Dr. Graham Fraser
English, Seton 509
His teaching and research interests are: Twentieth century literature, especially Modernism in literature and visual art; Samuel Beckett and James Joyce; Renaissance and modern drama; failure, fragmentation, silence, and ruin in literature and aesthetic theory.
Dr. Fernando Nunes
Child and Youth Study, Evaristus 322
Dr. Fernando Nunes holds a Ph.D. (Education and Community Development), and a M.Ed. (Applied Psychology), from the Multicultural Focus of the Ontario Institute for Studies in Education of the University of Toronto. His prior research and publications have focused on at-risk immigrant youth, ethnoracial diversity, critical pedagogy, minority academic underachievement, the integration of the Luso-Canadian community and the Portuguese Diaspora. His current research activities focus on minority academic underachievement, the civic and political participation of immigrant youth and an international project dealing with the integration of second-generation Luso-Canadian youth.
Dr. Jonathan Roberts
History, Seton 514
Jonathan Roberts is from Lantzville, British Columbia and he arrived at the Mount in 2008. He holds a BA and an MA from McGill University and a PhD from Dalhousie University.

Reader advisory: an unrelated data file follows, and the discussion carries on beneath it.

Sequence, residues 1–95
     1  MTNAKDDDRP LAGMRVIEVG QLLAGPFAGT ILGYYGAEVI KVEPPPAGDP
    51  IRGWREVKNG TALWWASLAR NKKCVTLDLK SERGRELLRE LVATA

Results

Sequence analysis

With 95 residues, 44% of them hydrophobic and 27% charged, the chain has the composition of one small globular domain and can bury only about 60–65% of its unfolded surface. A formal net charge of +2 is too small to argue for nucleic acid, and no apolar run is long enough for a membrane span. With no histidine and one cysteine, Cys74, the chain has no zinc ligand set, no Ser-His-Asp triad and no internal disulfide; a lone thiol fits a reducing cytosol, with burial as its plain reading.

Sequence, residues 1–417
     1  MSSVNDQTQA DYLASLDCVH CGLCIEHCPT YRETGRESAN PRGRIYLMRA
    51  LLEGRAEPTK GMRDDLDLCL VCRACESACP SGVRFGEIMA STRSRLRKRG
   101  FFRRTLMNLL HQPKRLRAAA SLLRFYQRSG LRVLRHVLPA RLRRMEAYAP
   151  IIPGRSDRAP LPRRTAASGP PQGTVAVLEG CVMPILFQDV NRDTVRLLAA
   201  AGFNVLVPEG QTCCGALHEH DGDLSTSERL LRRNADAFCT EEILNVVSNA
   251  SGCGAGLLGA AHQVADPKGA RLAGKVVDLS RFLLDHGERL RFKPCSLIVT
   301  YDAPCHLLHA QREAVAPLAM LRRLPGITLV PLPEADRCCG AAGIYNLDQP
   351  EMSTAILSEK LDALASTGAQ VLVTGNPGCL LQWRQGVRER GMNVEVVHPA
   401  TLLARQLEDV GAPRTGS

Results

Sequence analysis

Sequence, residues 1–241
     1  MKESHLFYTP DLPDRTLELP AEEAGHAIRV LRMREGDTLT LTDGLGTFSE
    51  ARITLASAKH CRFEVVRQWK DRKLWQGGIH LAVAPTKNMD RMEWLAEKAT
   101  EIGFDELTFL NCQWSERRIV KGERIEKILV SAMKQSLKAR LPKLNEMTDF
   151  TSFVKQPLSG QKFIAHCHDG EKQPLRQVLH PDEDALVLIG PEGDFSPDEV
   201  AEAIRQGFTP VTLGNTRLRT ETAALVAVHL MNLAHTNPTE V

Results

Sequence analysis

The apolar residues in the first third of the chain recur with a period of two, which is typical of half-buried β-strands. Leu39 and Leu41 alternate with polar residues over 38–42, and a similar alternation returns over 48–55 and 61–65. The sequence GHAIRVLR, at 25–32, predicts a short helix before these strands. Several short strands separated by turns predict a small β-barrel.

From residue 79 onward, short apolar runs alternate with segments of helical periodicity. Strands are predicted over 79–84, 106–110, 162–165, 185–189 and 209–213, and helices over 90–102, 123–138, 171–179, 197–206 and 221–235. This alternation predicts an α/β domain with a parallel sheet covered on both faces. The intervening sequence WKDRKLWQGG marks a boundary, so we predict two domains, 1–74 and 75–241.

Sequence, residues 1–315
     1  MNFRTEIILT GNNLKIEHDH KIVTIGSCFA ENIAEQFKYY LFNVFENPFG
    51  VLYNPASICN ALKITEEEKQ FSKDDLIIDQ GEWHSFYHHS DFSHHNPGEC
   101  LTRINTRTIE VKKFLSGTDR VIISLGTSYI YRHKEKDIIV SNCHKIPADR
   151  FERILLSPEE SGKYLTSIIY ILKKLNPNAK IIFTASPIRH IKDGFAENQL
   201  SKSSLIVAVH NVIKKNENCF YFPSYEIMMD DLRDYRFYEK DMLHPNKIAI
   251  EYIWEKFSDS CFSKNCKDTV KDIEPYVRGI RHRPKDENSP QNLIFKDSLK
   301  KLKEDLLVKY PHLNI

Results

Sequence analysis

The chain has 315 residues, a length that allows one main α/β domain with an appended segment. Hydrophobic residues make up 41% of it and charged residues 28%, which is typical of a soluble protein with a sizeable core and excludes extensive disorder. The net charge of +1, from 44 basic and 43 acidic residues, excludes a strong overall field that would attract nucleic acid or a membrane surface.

Jonathan specializes in the history of medicine and religion in West Africa, with a particular focus on the history of healing in Ghana. As part of a project funded by the British Library, he is currently archiving witchcraft trial records held at shrines in Accra, Ghana. He is also interested in the politics of heritage tourism at slave forts in West Africa.
At the Mount, Jonathan teaches courses in African and World history. He has recently taught the following courses: World History, Cultural Encounters in the Modern World, the Early African Past, Modern Africa, and Religions in African History.
Dr. Diane Piccitto
English, Seton 516
Dr. Diane Piccitto is an Assistant Professor in the English Department at the Mount where she has been since the summer of 2015. She has a BA from Trent University, where she studied English and Philosophy, and an MA and PhD in English from Western. Her main areas of research are Romanticism, the poet-painter William Blake, drama and performance, as well as identity, action, gender, and sexuality. In addition to Romantic topics, her teaching and research interested include nineteenth-century literature, Shakespearean drama, queer theory, and film.